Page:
Climate Refugees – Links, Notes, Bookmarks And Briefs For October 24, 2017
An open thread and weekly notes on the topic of so-called ‘climate refugees’, also known as ‘environmental migrants’ or ‘climate exiles’, people driven from their communities and homes due to the impacts of climate change. Feel free to eavesdrop, join in or start a conversation, or drop a relevant link in the comments. Summaries published each Tuesday. If your comment hasn’t appeared within 24 hours, a reason why is probably here.
Miami’s sea level is rising quickly, forcing residents out. News.com.au (23 Oct). A piece by Dan Kipnis, a retired fishing boat captain from Miami Beach, who is among those interviewed in the documentary, ‘America’s First Climate Change Refugees’, which airs tonight (24 Oct) on Australia’s SBS Dateline.
Climate change is often discussed as a problem that’s coming, but in reality it’s already here.
Professor Harold Wanless has been tracking the tides and sea levels in Miami for decades – he says current trends indicate the issue could be terminal for the city.
“[Miami] won’t be here in 100 years,” Professor Wanless predicts. “It will either be a few stragglers trying to hang on to a city that has no infrastructure, no fresh water, no sewage facility, or it will be abandoned completely.”
In the final year of the Obama administration, nearly a dozen federal agencies—led by the Department of Housing and Urban Development—began laying the groundwork for a cohesive federal approach to the so-called climate refugee problem. In December 2016, a top HUD official signed a memorandum of understanding, which would have committed these agencies to work together to develop a strategy for relocating homes, infrastructure, and—in some cases—entire municipalities put at risk by rising seas, melting permafrost, and more dangerous storms.
But since then, the group has done nothing, according to current and former officials familiar with the effort. No other agency appears to have signed off on HUD’s plan, and it has never gone into effect.
It might not be surprising that a president who calls global warming a Chinese hoax would be slow to address its impacts. But for those in the most vulnerable parts of the country, there’s no time to wait. With each severe storm comes the prospect of evacuation and destruction. Thousands are left temporarily displaced or stranded. This cycle, made worse with climate change, is becoming too much for some residents; relocation may soon be their only option. But without a clear government plan to address the problem—and pay for a solution—finding a new home will be all but impossible.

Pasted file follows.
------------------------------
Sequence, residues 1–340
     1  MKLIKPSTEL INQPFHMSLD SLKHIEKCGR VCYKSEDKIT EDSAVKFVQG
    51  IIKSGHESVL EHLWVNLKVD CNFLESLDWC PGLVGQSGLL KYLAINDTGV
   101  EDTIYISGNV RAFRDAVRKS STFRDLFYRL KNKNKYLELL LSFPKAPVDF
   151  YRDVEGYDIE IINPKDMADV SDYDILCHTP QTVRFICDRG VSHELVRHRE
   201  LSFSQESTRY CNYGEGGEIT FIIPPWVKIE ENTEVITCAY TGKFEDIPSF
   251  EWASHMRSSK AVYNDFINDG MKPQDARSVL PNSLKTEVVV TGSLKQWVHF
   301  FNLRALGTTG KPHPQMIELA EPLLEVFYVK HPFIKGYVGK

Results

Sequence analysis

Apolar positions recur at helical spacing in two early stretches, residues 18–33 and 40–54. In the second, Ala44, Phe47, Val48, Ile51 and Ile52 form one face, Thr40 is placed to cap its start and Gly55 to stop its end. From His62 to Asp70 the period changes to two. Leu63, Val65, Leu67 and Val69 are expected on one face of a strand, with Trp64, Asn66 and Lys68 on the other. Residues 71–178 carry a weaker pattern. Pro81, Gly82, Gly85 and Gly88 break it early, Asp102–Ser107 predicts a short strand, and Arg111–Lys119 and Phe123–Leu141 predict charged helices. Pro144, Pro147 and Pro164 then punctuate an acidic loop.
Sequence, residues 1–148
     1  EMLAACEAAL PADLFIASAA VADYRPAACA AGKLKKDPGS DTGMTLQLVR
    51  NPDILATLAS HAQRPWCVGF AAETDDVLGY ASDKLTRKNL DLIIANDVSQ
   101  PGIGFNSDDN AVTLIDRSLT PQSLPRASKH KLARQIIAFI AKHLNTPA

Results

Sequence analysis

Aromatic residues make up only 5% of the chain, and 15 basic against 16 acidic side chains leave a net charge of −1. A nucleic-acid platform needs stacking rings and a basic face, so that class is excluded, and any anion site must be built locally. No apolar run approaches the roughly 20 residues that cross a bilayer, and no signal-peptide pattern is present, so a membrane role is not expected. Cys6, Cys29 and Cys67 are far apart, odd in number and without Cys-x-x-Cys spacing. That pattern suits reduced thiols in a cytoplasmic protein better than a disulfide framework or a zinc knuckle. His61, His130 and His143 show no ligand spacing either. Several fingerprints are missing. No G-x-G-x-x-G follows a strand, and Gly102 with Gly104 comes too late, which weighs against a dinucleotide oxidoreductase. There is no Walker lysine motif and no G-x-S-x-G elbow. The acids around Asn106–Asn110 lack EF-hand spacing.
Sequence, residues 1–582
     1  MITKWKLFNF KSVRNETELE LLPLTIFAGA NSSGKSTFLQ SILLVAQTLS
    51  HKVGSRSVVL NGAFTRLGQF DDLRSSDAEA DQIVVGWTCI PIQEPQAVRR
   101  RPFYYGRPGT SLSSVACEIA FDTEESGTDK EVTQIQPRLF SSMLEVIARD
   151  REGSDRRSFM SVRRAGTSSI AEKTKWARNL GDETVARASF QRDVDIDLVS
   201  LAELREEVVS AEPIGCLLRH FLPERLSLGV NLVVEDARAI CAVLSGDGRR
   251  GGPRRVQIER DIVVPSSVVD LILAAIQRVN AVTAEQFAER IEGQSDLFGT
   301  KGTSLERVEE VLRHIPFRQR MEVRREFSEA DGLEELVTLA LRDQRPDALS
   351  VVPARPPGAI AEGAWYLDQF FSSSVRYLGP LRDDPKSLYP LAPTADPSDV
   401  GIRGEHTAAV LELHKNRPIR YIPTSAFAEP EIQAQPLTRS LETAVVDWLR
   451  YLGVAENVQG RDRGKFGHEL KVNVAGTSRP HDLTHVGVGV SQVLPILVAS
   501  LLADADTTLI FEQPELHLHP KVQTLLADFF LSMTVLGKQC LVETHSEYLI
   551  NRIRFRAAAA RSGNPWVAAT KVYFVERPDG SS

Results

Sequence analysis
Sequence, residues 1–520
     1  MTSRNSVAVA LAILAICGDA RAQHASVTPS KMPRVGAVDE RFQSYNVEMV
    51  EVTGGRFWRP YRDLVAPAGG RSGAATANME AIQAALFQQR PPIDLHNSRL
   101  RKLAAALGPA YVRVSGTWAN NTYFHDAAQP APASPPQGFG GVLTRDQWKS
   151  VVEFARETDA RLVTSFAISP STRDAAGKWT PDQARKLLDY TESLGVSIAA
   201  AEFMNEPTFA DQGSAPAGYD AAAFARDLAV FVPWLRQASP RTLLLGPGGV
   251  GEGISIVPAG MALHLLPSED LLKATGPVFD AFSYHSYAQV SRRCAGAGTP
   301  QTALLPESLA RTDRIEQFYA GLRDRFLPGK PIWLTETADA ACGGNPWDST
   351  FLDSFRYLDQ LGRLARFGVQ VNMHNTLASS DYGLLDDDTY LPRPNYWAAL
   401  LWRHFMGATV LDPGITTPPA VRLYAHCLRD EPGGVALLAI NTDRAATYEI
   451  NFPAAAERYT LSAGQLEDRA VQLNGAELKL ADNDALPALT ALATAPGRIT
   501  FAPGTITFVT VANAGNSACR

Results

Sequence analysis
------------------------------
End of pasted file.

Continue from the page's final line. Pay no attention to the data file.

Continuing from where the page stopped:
In less than 30 years, roughly 1 million Americans living in coastal areas will already be dealing with about 1 foot of sea level rise. Scientists project that by the end of the century, seas could rise by as much as 3 feet. That would leave more than 4 million people at risk of flooding, according to one recent study in Nature Climate Change. There are no official estimates for how much this would cost the country. My back-of-the-envelope math puts the price of relocation for those five villages at $239,000 per head. Multiply that by the number of people at risk nationwide by the end of the century, and the total price tag could surpass $1 trillion. The Nature study suggests it could be even higher: $1 million per person.
Rising sea levels and human activities are fast creating a “worst case scenario” for Native Americans of the Mississippi Delta who stand to lose not just their homes, but their irreplaceable heritage, to climate change.
“This took a long time to evolve,” said Shirell Parfait-Dardar, Chief of the Grand Caillou/Dulac Band of Biloxi-Chitimacha-Choctaw Indians in Dulac, Louisiana. Canal construction, oil and gas extraction from the Gulf Coast, climate change and the routing of the Mississippi River and its land-building floods away from other delta areas have made the loss of land inevitable. “It’s gotten so bad there is no way to repair it.”
While Europe is hopelessly grappling with the ongoing waves of refugees from the Middle East and North Africa the solutions outlined by our European leadership signal how we still presume that mass-migration phenomena are mainly driven by civil unrest, dictatorships and violence. Short-term immigration policies are more designed to calm the “tempest in a teapot” and keep the refugee problems outside the European backyard rather than create long-term sustainable solutions.
What this approach overlooks is the scientific evidence that the largest trigger for future mass migration will not be political unrest in the developing world but rather climate change which has the potential to affect migration patterns as a threat multiplier. The most famous projection came from Norman Meyers who proclaimed that by 2050, 200 million people would be displaced due to climate change. This trend would be irrespective of the scaled up action on low carbon discussed at the UN climate negotiations, as the world is already locked into a mean 1.5°C warming scenario. Following this trend it would mean that the associated impacts from extremes and slow onset climate events are likely to translate into a manifold increase in displacement and migration.
Climatic change can influence migration via a variety of drivers, mainly through the consequences of increased drought and desertification, rising sea levels, more intense and frequent storms, and competition for scarce resources. Economically speaking the consequences will be substantial as the Stern Review has predicted that under a likely baseline climate change scenario South East Asia will experience a 9% loss in GDP and Africa and Middle East a 7% loss by 2100. Under the high climate change scenario, the cost of climate change could rise to losses of 13% and 10% in GDP, respectively.